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Trekking the Himalayas: Episode 2

By Olivia Pedersen

May 7, 2015

Trekking the Himalayas: Episode 2

By Olivia Pedersen

May 7, 2015

Struck by Travel Magic

My first night in Kathmandu, I woke at the golden hour of 3 am. I was not used to the time change yet, and jet lag was hitting me hard. With five extra hours of free time, my anticipation grew stronger and stronger as I lay thinking about what the trek might be like. Once 8 am finally rolled around, we packed our cab to the brim with our three backpacks, and we were off to the airport.

Packing up the car
Our airport cab loaded to the brim!

Little did we know the massive detour that was in store for us.

We drove to the airport with fingers crossed and positive attitudes only to return several hours later disappointed and stagnant. For two days we were diverted into cyclical restlessness.

Twice we attempted to depart the city, and twice we were rejected.

Driving to the airport
On our way to the first failed attempt to fly to Lukla
Sitting at KTM domestic terminal
Overflowing airport terminal packed with about 100 delayed trekkers and guides

Rain and fog were our nemeses. It seemed the weather was not keen on our flight decisions, and it toyed with our hopes of boarding the plane. Lukla, the starting point of the Everest trek, has one of the most dangerous airstrips in the world. When inclement weather is involved, the already narrow window for take-offs and landings disappears entirely. At the end of the second failed attempt, we were officially behind schedule by two days’ worth of trekking.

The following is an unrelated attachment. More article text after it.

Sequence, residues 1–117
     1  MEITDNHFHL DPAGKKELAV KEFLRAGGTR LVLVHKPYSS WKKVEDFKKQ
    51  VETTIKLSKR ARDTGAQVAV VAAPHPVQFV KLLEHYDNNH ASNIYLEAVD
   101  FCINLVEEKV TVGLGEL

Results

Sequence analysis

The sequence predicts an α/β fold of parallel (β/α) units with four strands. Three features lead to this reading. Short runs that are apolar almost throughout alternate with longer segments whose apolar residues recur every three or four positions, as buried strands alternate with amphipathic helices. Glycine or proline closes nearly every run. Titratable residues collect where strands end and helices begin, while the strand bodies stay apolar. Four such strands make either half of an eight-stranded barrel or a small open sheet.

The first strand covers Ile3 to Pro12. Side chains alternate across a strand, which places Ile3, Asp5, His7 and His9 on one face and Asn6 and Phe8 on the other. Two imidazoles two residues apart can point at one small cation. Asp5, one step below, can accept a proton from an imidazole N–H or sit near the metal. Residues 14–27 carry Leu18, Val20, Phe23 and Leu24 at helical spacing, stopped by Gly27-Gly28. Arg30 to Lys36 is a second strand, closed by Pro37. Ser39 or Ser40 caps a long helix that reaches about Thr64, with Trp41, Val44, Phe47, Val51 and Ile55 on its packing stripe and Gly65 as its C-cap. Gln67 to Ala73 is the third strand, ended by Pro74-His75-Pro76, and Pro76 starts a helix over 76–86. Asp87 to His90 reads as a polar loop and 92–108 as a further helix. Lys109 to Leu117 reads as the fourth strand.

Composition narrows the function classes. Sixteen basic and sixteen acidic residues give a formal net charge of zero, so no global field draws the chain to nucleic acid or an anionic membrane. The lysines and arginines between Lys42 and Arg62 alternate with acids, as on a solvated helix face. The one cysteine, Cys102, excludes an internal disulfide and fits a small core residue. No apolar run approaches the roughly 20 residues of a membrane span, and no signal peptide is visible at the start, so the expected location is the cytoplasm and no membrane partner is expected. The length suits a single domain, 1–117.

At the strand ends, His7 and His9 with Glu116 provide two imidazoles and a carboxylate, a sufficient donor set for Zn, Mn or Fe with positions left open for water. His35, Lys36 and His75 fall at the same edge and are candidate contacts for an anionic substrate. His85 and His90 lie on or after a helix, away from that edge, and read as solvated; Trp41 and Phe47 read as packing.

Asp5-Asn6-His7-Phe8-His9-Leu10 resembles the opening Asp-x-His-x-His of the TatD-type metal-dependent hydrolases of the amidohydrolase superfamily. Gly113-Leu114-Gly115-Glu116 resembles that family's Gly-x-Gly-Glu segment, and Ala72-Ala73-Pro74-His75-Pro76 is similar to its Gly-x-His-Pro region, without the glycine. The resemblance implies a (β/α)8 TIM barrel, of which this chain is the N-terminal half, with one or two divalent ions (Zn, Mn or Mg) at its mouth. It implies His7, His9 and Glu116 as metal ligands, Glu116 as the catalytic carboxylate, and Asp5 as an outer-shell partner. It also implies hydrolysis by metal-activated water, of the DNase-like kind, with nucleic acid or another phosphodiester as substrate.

Our guide informed us that the Everest Basecamp to Gokyo Ri trek was no longer an option.

It was easy to see that Mia and I were extremely bummed. This specific trek was something we had both been putting a lot of energy into for several months, but now it was out of our hands. The only thing we could do was find a different stomping path; our travel magic had officially kicked in. A frame of mind I had picked up from another traveler, travel magic is the amazing unforeseen twists and turns that fate sends you while traveling. Our fate was now up to the travel gods.

Luckily, Nepal has so many different treks, we weren’t without options. Due to our rigid time frame and budget, we decided to pursue the Annapurna Circuit Trek, because it was about the same amount of time and difficulty level as our original plan. Looping 131 miles around the Annapurna mountain range, a massif extending 34 miles, and host to the tenth highest mountain in the world (Annapurna I), it sounded like quite the adventure. I adjusted to these new plans with excitement. Knowing very little about what it was going to be like, this change of direction was the longing for the unknown I was searching for.

The next morning, we headed west towards Besisahar in a jeep. Usually, Besisahar is where the trek starts, but to make up for the days we lost at the airport, we planned to be driven to Syange. I might recommend doing this even if you are not on a time crunch, because the trek landscape from Besisahar to Syange is a lot of road walking through crowded towns. By shuttling close to Syange, you can get right to the solitude of nature.